banner ad

Panasonic AG-DVX200 4K Vs Canon EOS 600D

GunDoom pits the 4K DVX200 against the what is it now the 13th time that 18meg sensor was put into another body from… Wait, wait swivel screen changes everything Canon 600D CAMERA.

Here is GunDoom’s findings.

Panasonic recently released the AG-DVX200, a “professional” 4K video camera. Back in 2011, Canon released the 600D, which is a 550D with a tilt screen.

You may think this test is not fair because I’m comparing a pro camera and a consumer based DSLR, but what I wanted to see here is how does a 4000$ camera exceeds another that’s only 400$. The answer is obvious but still interesting.

My thoughts on each camera:

– AG-DVX200 4K:

Highlights – OK
Midtones – great
Shadows – awful

Notes: The V-Log footage is hard to color correct properly without LUTs. Some colors don’t behave naturaly, and from my experience, the blue colors from the sky, sometimes, are not even there! Never really had problems with banding or aliasing, although some footage may look really over sharpened. For this video, the camera has the v1.29 version for the firmware, and it does look better than the default firmware. This is not the proper camera for low light situations and in some cases you may encounter a steped chromatic trail in the shadows that can totally ruin your footage. It feels like each CCD is out of sync when the footage is processed. On the plus side this camera has great slow-motion of 50fps in 4k and 120fps in 1080p. It includes V-Log which is convenient for grading and with an external recorder you can get 10-bit 4K footage. If you’re planning on buying a camera with a 4000$ budget, you have better options like the Sony A7s II or the Blackmagic URSA Mini 4K. Considering the price and what it does I give 6/10.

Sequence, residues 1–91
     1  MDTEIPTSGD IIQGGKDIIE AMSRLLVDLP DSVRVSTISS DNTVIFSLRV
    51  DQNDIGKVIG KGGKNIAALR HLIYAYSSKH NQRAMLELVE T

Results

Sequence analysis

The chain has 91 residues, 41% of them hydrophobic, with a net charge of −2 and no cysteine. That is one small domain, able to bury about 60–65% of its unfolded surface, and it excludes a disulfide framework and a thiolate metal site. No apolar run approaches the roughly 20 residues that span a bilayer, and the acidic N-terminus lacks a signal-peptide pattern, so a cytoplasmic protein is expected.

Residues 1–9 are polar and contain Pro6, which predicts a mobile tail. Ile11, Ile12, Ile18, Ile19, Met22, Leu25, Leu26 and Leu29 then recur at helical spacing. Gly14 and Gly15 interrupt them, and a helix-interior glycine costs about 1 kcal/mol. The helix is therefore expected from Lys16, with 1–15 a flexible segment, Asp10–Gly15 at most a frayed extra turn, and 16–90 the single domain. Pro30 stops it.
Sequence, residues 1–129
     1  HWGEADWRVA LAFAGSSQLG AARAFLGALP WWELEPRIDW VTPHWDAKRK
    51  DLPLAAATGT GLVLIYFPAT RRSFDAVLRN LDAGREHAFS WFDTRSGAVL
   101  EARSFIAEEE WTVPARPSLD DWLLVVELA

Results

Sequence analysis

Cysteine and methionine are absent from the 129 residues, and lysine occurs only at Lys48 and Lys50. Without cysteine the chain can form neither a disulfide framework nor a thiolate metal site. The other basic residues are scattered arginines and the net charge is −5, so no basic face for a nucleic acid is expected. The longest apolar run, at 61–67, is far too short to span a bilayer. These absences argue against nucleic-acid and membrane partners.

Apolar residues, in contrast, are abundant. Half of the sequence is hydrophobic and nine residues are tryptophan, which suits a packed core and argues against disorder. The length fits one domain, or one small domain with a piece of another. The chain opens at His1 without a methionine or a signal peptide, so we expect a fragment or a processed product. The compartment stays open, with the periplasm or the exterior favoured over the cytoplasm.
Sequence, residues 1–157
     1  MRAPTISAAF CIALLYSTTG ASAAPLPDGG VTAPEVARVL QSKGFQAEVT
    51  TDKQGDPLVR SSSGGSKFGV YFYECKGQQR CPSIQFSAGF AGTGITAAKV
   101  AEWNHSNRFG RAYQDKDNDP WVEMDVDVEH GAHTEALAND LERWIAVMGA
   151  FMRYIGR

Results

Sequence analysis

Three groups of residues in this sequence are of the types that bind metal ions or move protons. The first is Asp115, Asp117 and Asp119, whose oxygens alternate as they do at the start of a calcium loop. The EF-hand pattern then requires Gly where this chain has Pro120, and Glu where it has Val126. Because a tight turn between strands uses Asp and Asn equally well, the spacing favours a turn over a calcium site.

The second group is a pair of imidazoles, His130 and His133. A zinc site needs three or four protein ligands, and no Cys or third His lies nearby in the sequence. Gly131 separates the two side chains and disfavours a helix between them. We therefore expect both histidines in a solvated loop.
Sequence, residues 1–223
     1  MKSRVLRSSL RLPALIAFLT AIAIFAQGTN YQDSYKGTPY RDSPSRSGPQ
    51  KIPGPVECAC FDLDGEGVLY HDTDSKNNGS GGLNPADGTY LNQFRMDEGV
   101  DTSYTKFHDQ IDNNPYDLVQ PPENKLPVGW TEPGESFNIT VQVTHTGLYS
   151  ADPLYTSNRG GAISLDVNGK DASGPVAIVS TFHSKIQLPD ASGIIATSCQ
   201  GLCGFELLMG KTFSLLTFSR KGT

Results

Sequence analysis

– Canon EOS 600D/T3i (Canon EF 16-35mm f/2,8L II USM lens)

Higlights – bad
Midtones – good
Shadows – awful (mostly because of compession)

Notes: This camera is about 5 years old, and its sensor is even older. There are a few typical Canon DSLR things present here like the footage on itself lacks a bunch of detail. When recording 1080p it looks much more like 720p and in-camera sharpeness is horrible, but if you cranck that up in post it looks decent. This isn’t a good option for low-light, you need to have a very fast lens to get something good out of it. At ISO800 it starts to get really noisy and you should never go as high as ISO1600. The only thing I think this camera does clearly better than the Panasonic is the color science. Canon have, in my opinion, some of the best colors out there, they really nail the color science and colors always look the way they should. Slow-motion is only available at 720p of 60fps (max) and it looks the way expect it to look. Unlike the DVX200, the Canon is full of aliasing and moire. It’s clearly visible in electric cables and repeated patterns. Also, it is convenient to install a third-party picture profile like Cinestyle from Technicolor, to get the best out of it. This camera is capable of amazing stills though, especially in RAW, and considering that and its price range I give it 8/10.

Leave a Comment Here

comments

banner ad